Breastfeeding is MORE than Milk

 Breastfeeding provides perfect nutrition for infants, but it also does much more! Direct nursing at the breast has a whole host of benefits that are easily overlooked in a culture so focused on the milk. Nutrition is only one aspect of infant feeding that leads to growth and development.

Muscle Mechanics:

  The muscle mechanics involved with nursing facilitate optimal cranial-facial development. You’ve probably heard about importance of “tummy time” for the development of head control. Nursing your baby in a laid back position is tummy time made easy! Breastfeeding also coordinated the right and left hemispheres of the brain because the baby is moved from left to right on the mother’s body. This brain development is critical to other developmental milestones like crawling, walking, and later reading. The developing infant palate, mouth, and skull are shaped by feeding. Feeding at the breast helps the baby achieve normal oral motor function and growth.

Skin to Skin:

    Breastfeeding inherently provides the skin to skin contact newborns need for early neurological development, body temperature regulation, and blood sugar regulation. The mother-baby bonding that occurs while a baby is at the breast is unparalleled. Studies show held babies have lower stress hormones.

Increased Maternal Rest:

    Exclusively breastfed infants who sleep in close proximity to their mother replicate their mother’s REM cycles.  Since their sleep is in sync, the baby is more likely to wake for nursing when the mother is not in a deep sleep state.  Maternal sleep is a crucial part of postpartum recovery. Studies show that breastfeeding moms actually sleep about 45 minutes more per night than formula feeding moms.

Better Maternal and Infant Mood:

    Breastfeeding facilitates the release of the “feel good” hormone oxytocin in the mother during “let down” or milk ejection reflex. Mothers of breastfed babies experience less postpartum depression.  Breastmilk contains multiple hormones that promote happiness and relaxation in infants. Breastfed babies also are less likely to have colic.

Infant Sleep/Wake Cycle Regulation:

    When babies are first born they do not make their own sleep hormones. The newborn receives the sleep hormone melatonin directly from breastmilk. The act of suckling at the breast releases a hormone in the baby called CCK, which makes him or her feel full and sleepy. Nursing to sleep is good for babies!

Protection from Sudden Infant Death Syndrome:

    Frequent night wakings to nurse are a large part of normal infant sleep, and serve as nature’s protection against SIDS. Bottle feeding human milk through the night has not shown to be as protective in preventing SIDS as direct nursing at the breast.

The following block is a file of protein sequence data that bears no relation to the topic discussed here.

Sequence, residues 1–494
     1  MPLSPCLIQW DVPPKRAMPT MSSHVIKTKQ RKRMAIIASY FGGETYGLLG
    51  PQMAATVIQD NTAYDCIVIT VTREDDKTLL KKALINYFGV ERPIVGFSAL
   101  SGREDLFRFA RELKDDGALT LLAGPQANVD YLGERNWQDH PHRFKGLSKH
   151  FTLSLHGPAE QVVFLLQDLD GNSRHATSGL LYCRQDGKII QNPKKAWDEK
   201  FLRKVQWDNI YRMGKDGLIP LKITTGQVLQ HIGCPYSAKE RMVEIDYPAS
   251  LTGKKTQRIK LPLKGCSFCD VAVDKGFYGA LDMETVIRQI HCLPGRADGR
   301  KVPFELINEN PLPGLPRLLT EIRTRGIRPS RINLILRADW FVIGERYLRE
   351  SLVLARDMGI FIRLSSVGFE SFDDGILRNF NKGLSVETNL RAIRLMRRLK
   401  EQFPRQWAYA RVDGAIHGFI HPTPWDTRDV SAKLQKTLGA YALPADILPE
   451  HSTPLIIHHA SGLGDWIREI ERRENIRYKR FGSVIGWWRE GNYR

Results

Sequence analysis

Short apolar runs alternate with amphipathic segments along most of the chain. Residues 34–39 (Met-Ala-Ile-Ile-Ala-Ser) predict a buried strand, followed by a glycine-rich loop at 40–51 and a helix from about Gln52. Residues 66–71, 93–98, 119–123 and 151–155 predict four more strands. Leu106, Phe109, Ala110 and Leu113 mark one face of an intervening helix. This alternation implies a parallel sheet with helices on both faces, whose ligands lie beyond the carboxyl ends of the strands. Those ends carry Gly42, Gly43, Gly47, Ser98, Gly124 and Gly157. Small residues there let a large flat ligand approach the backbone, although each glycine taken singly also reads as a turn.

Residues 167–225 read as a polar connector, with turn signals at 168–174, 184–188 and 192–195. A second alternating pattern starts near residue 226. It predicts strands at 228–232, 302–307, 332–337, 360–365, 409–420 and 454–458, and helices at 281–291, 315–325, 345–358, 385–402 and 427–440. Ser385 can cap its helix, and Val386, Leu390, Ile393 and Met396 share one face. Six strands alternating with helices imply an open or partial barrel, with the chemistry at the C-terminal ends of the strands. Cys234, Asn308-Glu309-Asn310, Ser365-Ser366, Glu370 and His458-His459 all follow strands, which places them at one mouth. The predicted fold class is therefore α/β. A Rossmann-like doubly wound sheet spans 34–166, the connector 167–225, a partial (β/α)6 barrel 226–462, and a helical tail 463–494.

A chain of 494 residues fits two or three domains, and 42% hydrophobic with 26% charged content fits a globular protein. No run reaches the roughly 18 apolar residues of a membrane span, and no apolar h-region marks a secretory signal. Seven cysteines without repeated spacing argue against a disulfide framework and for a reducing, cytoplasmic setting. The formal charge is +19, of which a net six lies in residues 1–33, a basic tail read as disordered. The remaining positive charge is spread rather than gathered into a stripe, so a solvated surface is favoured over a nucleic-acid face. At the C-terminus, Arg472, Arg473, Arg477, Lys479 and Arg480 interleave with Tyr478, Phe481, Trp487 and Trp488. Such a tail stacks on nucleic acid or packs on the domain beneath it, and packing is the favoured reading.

The American Association of Pediatrics recommends exclusive breastfeeding for the first six months of life, and continued breastfeeding with complementary solids until at least age 1. Continued support is a huge factor in long term EBF success. A prenatal visit with a lactation consultant or lactation counselor is the first step. An LC can answer your questions and assist you with formulating a breastfeeding friendly birth plan.  If you have already had your baby, schedule a home visit or clinic visit with your LC for an in depth consult that can help your family realize all the benefits of breastfeeding.

Top Tips for Top Milk Supply

By far, the most common concern about breastfeeding is adequate milk supply. Here are the top evidence based recommendations for ensuring your short term and long term production.

OLYMPUS DIGITAL CAMERA1. Bring your baby to the breast as soon as possible after birth. Babies are born alert and ready to feed. Babies nursed in the first 2 hours after birth are more likely to be exclusively breastfed.

2. Feed often and on cue. Crying is a late sign of hunger. In the first weeks, babies nurse all the time. This establishes long term milk supply and helps the stomach grow. Expect your baby to nurse at least 12 times in 24 hours, often more. All health organizations recommend “on demand” infant feeding. No health organizations recommend scheduled feeds.

3. Hold your baby. Skin to skin contact is proven to facilitate better breastfeeding. You can’t “spoil” a baby. Holding your baby has other health benefits for non-breastfeeding families as well. Babies in close contact with an adult care provider are better able to regulate breathing, metabolism, heart rate, and temperature.

4. Sleep near your baby. The American Academy of Pediatrics recommends babies room-in with an adult care giver for the first 6 months of life as a protective measure against SIDS. Room sharing also facilitates easier night feeding. It’s normal for babies to nurse at night well beyond 6 months of age.

5. Do not introduce formula, water, juice, or other solids unless medically indicated before 6 months. Exclusive breastfeeding provides everything a full term healthy baby needs. Giving a formula supplement “just in case” can cause milk supply to drop. Combination feeding of breast and formula leads to decreased milk supply as well.

6. Ignore the clock. Allow your baby to nurse as long as he or she wants. Some babies will finish a feed in 7-10 minutes while others may take 40 or more. Just like adults sometimes want a full meal and other times just a snack, babies feel the same way. Put your baby to the breast and nurse until the baby comes off naturally. Offer the other breast. Your baby may or may not want both breasts per feed. Always follow the baby’s cue.

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